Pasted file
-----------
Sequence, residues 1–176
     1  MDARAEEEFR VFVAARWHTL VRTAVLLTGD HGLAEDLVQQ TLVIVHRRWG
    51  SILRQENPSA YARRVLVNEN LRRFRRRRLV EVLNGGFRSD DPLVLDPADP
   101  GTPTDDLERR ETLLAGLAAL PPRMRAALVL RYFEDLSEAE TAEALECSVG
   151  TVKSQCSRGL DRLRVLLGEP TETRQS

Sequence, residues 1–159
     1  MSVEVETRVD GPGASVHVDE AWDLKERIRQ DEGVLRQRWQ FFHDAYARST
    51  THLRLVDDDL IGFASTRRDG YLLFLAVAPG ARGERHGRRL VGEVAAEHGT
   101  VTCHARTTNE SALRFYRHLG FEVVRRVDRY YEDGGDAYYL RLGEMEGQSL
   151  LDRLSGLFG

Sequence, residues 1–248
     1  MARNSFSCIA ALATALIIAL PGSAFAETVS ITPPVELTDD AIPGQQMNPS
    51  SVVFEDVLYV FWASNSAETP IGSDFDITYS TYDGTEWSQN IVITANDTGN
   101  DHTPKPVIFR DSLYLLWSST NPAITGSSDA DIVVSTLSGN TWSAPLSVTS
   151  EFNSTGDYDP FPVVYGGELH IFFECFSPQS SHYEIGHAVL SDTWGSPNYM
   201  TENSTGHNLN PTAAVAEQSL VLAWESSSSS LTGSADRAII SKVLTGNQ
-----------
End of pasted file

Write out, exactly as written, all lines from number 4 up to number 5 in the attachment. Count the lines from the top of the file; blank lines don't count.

   101  GTPTDDLERR ETLLAGLAAL PPRMRAALVL RYFEDLSEAE TAEALECSVG
   151  TVKSQCSRGL DRLRVLLGEP TETRQS